Wednesday, April 25, 2018

No Muslim Ban

The Muslim ban is a symptom of a much deeper rot in American ideals, and we must take on hate to address the violence ripping our communities apart. #NoMuslimBanEver

TRAVEL BAN AT SCOTUS: The Supreme Court will hear oral arguments at 10 a.m. today in a case over the legality of President Donald Trump's travel ban. In October the administration rolled out the third iteration of the policy, placing a variety of restrictions on travelers from Chad, Iran, Libya, Somalia, Syria and Yemen, as well as North Korea and Venezuela. Chad was dropped from the list earlier this month after administration officials said it had met security benchmarks. 

The justices will likely probe whether the president had the authority to institute the ban, whether it aids national security, and whether it targets Muslims in violation the establishment clause of the Constitution. Even after two redrafts, critics argue the ban is tainted by Trump's campaign statement in December 2015 calling for a "total and complete shutdown of Muslims entering the United States" until U.S. officials "can figure out what is going on." Trump's done little since entering office to dispel the impression that he wants to keep Muslims out. In November, for instance, he retweeted a series of anti-Muslim and misleading videos from a far-right figure in Britain.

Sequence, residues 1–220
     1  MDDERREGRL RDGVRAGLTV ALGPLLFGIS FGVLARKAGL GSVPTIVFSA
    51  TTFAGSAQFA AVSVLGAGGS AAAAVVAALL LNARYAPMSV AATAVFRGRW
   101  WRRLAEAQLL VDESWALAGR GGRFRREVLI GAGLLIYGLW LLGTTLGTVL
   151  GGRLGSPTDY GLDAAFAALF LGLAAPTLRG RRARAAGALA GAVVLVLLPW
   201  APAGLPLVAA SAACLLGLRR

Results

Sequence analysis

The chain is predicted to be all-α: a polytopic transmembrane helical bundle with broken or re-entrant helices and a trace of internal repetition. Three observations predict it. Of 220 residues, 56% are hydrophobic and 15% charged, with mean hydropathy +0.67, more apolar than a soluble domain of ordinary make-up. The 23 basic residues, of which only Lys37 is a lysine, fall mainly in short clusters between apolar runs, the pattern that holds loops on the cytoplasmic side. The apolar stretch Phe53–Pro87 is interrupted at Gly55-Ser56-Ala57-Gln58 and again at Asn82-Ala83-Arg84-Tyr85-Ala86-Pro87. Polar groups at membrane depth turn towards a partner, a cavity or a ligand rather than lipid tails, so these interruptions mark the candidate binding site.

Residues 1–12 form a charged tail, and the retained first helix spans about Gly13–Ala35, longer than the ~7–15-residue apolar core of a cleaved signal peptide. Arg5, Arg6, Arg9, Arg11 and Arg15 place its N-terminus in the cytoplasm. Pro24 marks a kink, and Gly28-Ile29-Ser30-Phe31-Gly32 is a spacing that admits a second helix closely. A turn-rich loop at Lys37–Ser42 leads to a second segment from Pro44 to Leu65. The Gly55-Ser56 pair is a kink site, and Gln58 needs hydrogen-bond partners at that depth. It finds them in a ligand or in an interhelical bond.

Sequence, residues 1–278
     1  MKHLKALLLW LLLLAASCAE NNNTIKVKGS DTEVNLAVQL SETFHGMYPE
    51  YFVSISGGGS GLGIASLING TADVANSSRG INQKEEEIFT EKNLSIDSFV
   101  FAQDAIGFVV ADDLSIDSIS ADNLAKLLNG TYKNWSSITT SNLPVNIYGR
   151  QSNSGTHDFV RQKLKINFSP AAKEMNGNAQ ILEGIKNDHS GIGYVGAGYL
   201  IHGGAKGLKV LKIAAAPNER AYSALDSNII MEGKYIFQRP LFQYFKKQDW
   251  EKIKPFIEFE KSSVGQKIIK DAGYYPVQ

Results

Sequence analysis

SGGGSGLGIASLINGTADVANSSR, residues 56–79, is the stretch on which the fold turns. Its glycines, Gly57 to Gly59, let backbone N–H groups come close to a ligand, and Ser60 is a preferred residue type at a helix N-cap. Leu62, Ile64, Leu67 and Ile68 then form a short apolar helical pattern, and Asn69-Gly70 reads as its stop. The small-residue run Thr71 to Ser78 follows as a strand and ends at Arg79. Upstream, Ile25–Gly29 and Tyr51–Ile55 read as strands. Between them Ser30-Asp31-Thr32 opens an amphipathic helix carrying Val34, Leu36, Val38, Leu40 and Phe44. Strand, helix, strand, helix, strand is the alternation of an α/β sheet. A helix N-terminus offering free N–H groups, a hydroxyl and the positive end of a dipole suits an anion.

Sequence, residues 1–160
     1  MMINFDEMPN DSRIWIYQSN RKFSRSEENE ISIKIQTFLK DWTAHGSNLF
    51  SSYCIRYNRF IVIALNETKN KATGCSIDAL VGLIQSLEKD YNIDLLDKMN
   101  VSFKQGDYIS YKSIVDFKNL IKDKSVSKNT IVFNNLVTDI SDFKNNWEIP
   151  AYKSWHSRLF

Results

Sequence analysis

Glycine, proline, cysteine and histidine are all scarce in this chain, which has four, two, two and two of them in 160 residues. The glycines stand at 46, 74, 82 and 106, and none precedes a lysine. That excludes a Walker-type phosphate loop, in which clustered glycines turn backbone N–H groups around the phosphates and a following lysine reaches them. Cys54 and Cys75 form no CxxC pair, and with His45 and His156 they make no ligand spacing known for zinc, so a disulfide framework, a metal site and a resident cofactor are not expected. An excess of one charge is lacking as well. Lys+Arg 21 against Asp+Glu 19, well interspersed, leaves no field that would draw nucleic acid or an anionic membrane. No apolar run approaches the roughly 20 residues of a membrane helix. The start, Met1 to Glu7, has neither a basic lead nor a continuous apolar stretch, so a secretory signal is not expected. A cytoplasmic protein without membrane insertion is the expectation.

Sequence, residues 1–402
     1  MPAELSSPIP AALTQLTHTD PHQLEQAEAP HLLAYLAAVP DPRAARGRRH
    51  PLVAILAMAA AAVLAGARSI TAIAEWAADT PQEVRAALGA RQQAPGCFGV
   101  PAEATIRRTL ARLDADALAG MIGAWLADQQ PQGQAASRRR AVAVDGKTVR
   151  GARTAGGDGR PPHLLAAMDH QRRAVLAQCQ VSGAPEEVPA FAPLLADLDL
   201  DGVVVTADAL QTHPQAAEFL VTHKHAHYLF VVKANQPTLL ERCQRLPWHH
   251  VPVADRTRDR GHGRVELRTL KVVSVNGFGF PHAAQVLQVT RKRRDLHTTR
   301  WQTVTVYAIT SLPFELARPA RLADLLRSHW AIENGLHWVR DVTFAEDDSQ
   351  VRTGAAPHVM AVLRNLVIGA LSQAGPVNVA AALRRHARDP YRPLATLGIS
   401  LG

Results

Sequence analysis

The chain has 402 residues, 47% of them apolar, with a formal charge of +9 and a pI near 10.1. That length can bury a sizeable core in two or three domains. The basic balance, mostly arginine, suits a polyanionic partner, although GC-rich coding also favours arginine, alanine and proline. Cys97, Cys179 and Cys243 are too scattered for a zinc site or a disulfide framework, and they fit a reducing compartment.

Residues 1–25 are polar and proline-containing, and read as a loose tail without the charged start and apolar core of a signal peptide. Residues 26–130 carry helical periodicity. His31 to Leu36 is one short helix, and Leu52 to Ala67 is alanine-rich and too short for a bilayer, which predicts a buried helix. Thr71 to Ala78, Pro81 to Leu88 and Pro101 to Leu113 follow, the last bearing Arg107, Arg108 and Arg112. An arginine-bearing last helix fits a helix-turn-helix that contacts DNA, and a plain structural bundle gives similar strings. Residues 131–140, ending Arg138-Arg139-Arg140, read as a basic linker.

Some court watchers nonetheless expect the justices to side with the administration. A federal statute passed in 1952 gives the president authority to suspend the entry of any class of foreigner deemed detrimental to U.S. interests "for such period as he shall deem necessary." In addition, the Constitution grants the president broad powers to regulate immigration. "I think this is a silly policy," said Josh Blackman, associate law professor with South Texas College of Law, told POLITICO. "But it's not my job to make these sorts of decisions, and traditionally courts have deferred to the executive when dealing with matters of national security." Read more from POLITICO's Josh Gerstein and Ted Hesson here.

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